Research Horizons


TSLP Inhibitors Emerge as Potential Therapy for Eosinophilic Esophagitis

Study in Science Signaling supports concept of both a blood test and a novel treatment

A detailed examination of how the cytokine TSLP enhances allergic inflammatory response in human immune cells suggests that a blood test can be developed to identify a subset of people with eosinophilic esophagitis (EoE) who may benefit from high-cost monoclonal antibody treatments.

The study, published online Sept. 12, 2023, in Science Signaling, was led by first author Yrina Rochman, PhD, and corresponding author Marc Rothenberg, MD, PhD, director of the Division of Allergy and Immunology. Contributing co-authors from Cincinnati Children’s included Artem Barski, PhD, Michael Kotliar, MS, Netali Ben-Baruch Morgenstern, PhD, and Ting Wen, PhD.

What is TSLP?

Thymic stromal lymphopoietin (TSLP) is a cytokine known to induce Type 2 immune responses, primarily by prompting the development of memory T cells primed to attack pathogenic cells.

Interest in treatments to block the influence of TSLP in various diseases has grown in recent years. In 2021, the U.S. Food and Drug Administration approved the use of the monoclonal antibody tezepelumab as an add-on treatment for people with severe, uncontrolled asthma.

A direct role in EoE

Unlike studies based heavily on mouse models, Rochman, Rothenberg and colleagues looked at how TSLP directly affects human memory CD4+ T cells in tissue samples for people with EoE. The team found higher numbers of cells expressing the TSLP receptor in EoE samples versus healthy controls. They also found that TSLP was capable of making even more of its receptor cells as part of the inflammatory process.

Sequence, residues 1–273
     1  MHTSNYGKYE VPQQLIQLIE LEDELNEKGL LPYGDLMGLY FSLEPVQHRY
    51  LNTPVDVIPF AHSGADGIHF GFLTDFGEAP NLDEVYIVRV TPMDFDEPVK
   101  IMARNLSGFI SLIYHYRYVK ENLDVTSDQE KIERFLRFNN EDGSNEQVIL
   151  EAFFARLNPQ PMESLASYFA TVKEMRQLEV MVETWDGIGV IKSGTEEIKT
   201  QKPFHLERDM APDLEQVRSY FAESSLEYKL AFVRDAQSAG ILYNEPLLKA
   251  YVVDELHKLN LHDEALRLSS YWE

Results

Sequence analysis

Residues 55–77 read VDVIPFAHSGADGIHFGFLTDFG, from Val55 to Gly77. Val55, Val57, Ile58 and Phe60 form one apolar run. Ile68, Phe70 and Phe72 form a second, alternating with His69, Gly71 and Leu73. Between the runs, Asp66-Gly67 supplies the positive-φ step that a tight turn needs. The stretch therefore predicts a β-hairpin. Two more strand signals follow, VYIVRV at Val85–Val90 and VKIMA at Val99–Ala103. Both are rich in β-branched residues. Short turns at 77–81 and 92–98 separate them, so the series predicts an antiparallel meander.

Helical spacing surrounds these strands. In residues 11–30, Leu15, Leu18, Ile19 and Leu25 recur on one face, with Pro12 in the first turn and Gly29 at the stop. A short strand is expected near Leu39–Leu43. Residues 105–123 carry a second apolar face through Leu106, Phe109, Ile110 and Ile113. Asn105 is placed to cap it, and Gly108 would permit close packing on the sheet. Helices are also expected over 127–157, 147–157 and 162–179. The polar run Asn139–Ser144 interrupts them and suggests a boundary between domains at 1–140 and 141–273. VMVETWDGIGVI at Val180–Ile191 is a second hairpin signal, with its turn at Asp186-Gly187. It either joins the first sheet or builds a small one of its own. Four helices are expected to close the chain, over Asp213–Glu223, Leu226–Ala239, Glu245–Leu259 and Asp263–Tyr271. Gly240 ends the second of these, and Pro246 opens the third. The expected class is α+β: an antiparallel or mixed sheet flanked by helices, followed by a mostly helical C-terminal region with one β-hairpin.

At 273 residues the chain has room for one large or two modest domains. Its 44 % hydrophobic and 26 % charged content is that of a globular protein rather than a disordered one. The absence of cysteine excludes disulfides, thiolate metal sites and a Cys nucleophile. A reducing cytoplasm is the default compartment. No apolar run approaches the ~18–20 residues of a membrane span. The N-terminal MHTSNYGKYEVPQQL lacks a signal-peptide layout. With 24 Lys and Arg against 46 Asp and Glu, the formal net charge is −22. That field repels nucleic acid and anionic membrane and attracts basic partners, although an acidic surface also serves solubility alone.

After analyzing how TSLP modified the expression of 212 genes, the team reported a notable enrichment of the transcription factors BATF and IRF4. This created a “feed-forward loop” that resulted in a cascade of other reactions all of which contribute to allergic inflammation. Importantly, the team found that the number of circulating T cells induced by TSLP correlated with the number of eosinophils in the biopsies.

“In light of these results and the high clinical cost of anti-TSLP biologics, our study expands the rationale for a noninvasive screening test before treatment, aiming to offer anti-TSLP treatment especially to patients with memory CD4+ T cells that exhibit high responsiveness to TSLP,” Rothenberg says. “It also is possible that our findings can be extended to other allergic disorders that involve a high frequency of TSLP-responsive cells.”

Publication Information
Original title: TSLP shapes the pathogenic responses of memory CD4+ T cells in eosinophilic esophagitis
Published in: Science Signaling
Publish date: Sept. 12, 2023
Read the Study

Research By

Yrina Rochman, PhD
Yrina Rochman, PhD
Division of Allergy and Immunology
Marc Rothenberg, MD, PhD
Marc Rothenberg, MD, PhD
Director, Division of Allergy and Immunology

The Rothenberg CURED Research Laboratory, supported by the Campaign Urging Research for Eosinophilic Diseases (CURED), is focused on elucidating the mechanisms of allergic responses, especially in mucosal tissues such as the gastrointestinal tract and lung.